Early Middle Ordovician evidence for land plants in Argentina (eastern Gondwana)


  • C. V. Rubinstein,

    1. Unidad de Paleopalinología, Departamento de Paleontología, Instituto Argentino de Nivología, Glaciología y Ciencias Ambientales, CCT CONICET – Mendoza, A. Ruiz Leal s/n, Parque General San Martín, 5500 Mendoza, Argentina
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  • P. Gerrienne,

    1. Paléobotanique, Paléopalynologie, Micropaléontologie (PPM), Department of Geology, University of Liège, B-18, Sart Tilman, BE–4000 Liège 1, Belgium
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  • G. S. de la Puente,

    1. Unidad de Paleopalinología, Departamento de Paleontología, Instituto Argentino de Nivología, Glaciología y Ciencias Ambientales, CCT CONICET – Mendoza, A. Ruiz Leal s/n, Parque General San Martín, 5500 Mendoza, Argentina
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  • R. A. Astini,

    1. Laboratorio de Análisis de Cuencas, Centro de Investigaciones en Ciencias de la Tierra, CONICET-Universidad Nacional de Córdoba. Pabellón Geología, Ciudad Universitaria, 2º Piso, Oficina 7, Av. Vélez Sársfield 1611, X5016GCA-Córdoba, Argentina
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  • P. Steemans

    1. Paléobotanique, Paléopalynologie, Micropaléontologie (PPM), Department of Geology, University of Liège, B-18, Sart Tilman, BE–4000 Liège 1, Belgium
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Author for correspondence:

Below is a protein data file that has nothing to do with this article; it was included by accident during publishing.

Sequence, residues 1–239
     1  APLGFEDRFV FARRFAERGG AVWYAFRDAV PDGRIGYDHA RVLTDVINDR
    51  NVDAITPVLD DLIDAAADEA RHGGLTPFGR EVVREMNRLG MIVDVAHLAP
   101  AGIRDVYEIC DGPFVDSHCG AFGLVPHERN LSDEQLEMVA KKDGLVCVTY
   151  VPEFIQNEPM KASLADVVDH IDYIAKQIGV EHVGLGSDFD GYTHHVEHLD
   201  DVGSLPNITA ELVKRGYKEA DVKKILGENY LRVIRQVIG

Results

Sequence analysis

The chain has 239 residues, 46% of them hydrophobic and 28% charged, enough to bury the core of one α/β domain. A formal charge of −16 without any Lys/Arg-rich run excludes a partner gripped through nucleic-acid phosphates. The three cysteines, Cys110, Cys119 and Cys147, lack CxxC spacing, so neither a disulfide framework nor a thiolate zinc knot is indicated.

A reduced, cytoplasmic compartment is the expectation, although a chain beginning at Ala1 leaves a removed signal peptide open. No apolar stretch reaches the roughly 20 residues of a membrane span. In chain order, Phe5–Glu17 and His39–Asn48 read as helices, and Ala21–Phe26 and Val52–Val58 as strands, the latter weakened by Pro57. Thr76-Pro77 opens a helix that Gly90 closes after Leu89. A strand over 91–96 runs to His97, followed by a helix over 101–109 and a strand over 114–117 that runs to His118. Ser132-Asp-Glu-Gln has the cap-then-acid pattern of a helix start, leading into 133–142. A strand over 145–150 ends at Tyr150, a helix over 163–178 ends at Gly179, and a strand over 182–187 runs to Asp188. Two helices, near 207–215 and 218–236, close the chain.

Claudia V. Rubinstein
Tel: +54 261 5244217
Email: crubinstein@mendoza-conicet.gov.ar


  • The advent of embryophytes (land plants) is among the most important evolutionary breakthroughs in Earth history. It irreversibly changed climates and biogeochemical processes on a global scale; it allowed all eukaryotic terrestrial life to evolve and to invade nearly all continental environments. Before this work, the earliest unequivocal embryophyte traces were late Darriwilian (late Middle Ordovician; c. 463–461 million yr ago (Ma)) cryptospores from Saudi Arabia and from the Czech Republic (western Gondwana).
  • Here, we processed Dapingian (early Middle Ordovician, c. 473–471 Ma) palynological samples from Argentina (eastern Gondwana).
  • We discovered a diverse cryptospore assemblage, including naked and envelope-enclosed monads and tetrads, representing five genera.
  • Our discovery reinforces the earlier suggestion that embryophytes first evolved in Gondwana. It indicates that the terrestrialization of plants might have begun in the eastern part of Gondwana. The diversity of the Dapingian assemblage implies an earlier, Early Ordovician or even Cambrian, origin of embryophytes. Dapingian to Aeronian (Early Silurian) cryptospore assemblages are similar, suggesting that the rate of embryophyte evolution was extremely slow during the first c. 35–45 million yr of their diversification. The Argentinean cryptospores predate other cryptospore occurrences by c. 8–12 million yr, and are currently the earliest evidence of plants on land.